Posts

Cohen on the Perils of Overmedication

Medicating Normal,” a new documentary about the widespread use and resulting harms of anti-depressants, anti-anxiety medications, ADHD drugs and mood stabilizers, highlights research by Social Welfare Professor David Cohen, an authority on the benefits and risks of psychoactive drugs. The film notes that one in five Americans take these psychiatric medications daily but many are unaware of their potentially debilitating side effects. In the documentary and in online resources published by the filmmakers, Cohen weighs in on misconceptions about mental illness as brain damage; the challenges psychiatric patients face in providing fully informed consent; and the severe symptoms associated with withdrawal from benzodiazepines such as Xanax. He also spoke about the intense pressure on parents to medicalize their children’s problems, a break from previous generations. “You didn’t go to the doctor before if your kid misbehaved. You went to your sister-in-law or you went to your clergyman or you went to the Reader’s Digest,” Cohen said. “It’s hard right now in the contemporary world, in the 21st century, it’s hard for a parent to know, what should I do with my kid? … You get 20 different views on the internet, you are surrounded by opinions, and you’re supposed to do the right thing, the perfect thing.” Swayed by peer pressure, drug marketing and fear of making the wrong choice, many parents conclude that their children have a disorder and turn to medication, he said. “Medicating Normal,” which argues that profit-driven drug companies are concealing the harms caused by their products, was recently screened at the Santa Barbara International Film Festival.

Cohen Offers Perspective on Mental Health Facilities

Social Welfare Professor David Cohen provided context and history in a CNN report assessing the veracity of President Trump’s comments linking gun violence to the closure of mental health facilities. “They closed so many — like 92% — of the mental institutions around this country over the years, for budgetary reasons,” Trump said. Cohen clarified that, since the mid-1950s, about half of the nation’s psychiatric facilities have closed and the number of residents in state mental hospitals has fallen from about 550,000 to about 100,000 today. The facilities closed in an effort to “deinstitutionalize” the mentally ill by placing them in less restrictive environments — not because of budget cutbacks, he added. But many patients were left with nowhere to go. “Society after World War II discovered a new passion to solve social problems and include the excluded, and all sorts of institutions — including orphanages, institutions for mentally retarded persons, homes for unwed mothers, youth detention centers, etc. — were phased out, with their residents often in effect kicked out from where they had lived for years,” Cohen said.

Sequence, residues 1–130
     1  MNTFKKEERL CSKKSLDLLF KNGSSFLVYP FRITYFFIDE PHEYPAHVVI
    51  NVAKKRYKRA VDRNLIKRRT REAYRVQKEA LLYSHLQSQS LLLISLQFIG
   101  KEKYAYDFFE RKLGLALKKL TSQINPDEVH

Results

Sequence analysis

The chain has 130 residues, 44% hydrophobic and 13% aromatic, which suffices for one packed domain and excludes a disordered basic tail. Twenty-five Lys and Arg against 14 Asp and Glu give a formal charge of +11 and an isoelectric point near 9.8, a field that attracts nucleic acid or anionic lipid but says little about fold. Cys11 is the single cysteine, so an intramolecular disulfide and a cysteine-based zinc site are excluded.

Informed Choices Regarding Mental Health

As part of the Mental Health and Public Child Welfare Lecture series, Laura Delano, founder and executive director of Inner Compass Initiative (ICI), visited UCLA Luskin on Nov. 16 to discuss her efforts to reclaim care from the “psychiatric-pharmaceutical industrial complex.” Through the ICI, Delano has worked to provide information and resources to facilitate more informed choices regarding all things mental health. Speaking to her experiences as an ex-psychiatric patient, Delano said, “I fully embraced the mental health system and my diagnosis when I was so hopeless for a solution to the pain. I thought maybe if I embrace this diagnosis and do everything the doctor says, I will be able to survive.” Delano suggested that the system must change the way it portrays mental illness as being in opposition to “normalcy” in order to put an end to patients feeling ostracized because of their medical diagnoses. Click below to view a Flickr album of photos from the lecture by Bryce Carrington.

 

Social Welfare Lecture